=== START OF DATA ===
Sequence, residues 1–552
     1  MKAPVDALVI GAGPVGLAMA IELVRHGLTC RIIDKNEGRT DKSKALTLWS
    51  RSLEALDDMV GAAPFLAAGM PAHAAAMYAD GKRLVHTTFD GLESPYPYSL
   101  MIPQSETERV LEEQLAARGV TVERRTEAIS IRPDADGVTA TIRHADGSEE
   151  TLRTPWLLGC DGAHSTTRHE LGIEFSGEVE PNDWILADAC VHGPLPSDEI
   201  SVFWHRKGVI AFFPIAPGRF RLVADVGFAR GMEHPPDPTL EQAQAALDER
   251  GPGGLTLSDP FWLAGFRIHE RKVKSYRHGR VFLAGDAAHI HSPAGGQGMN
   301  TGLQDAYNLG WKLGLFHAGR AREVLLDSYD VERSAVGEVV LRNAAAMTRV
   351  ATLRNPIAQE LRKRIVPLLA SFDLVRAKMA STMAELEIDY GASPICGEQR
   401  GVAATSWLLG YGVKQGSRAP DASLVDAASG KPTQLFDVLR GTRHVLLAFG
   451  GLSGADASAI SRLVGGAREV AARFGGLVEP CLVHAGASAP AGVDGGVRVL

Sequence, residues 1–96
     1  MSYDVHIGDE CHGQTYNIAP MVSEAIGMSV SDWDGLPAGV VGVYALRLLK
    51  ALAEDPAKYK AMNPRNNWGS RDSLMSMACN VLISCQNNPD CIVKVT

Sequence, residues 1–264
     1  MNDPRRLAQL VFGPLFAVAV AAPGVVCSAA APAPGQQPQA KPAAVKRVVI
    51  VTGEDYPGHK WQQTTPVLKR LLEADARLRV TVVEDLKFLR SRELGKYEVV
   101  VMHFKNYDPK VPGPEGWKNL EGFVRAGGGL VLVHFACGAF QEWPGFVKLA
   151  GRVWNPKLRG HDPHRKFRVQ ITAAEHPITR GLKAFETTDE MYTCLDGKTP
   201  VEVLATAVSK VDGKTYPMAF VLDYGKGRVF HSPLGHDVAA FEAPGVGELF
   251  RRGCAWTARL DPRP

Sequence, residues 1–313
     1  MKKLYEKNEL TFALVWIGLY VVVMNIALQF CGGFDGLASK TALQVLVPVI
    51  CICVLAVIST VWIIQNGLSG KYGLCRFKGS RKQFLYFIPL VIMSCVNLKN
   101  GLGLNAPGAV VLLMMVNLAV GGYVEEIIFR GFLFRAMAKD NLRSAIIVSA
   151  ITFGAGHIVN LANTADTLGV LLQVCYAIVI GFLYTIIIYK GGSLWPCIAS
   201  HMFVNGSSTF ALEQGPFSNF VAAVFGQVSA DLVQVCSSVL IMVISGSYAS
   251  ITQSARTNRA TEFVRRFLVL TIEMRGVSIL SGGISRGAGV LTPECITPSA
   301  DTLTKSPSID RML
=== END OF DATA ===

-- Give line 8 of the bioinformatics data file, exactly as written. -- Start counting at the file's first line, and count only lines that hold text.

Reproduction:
   301  TGLQDAYNLG WKLGLFHAGR AREVLLDSYD VERSAVGEVV LRNAAAMTRV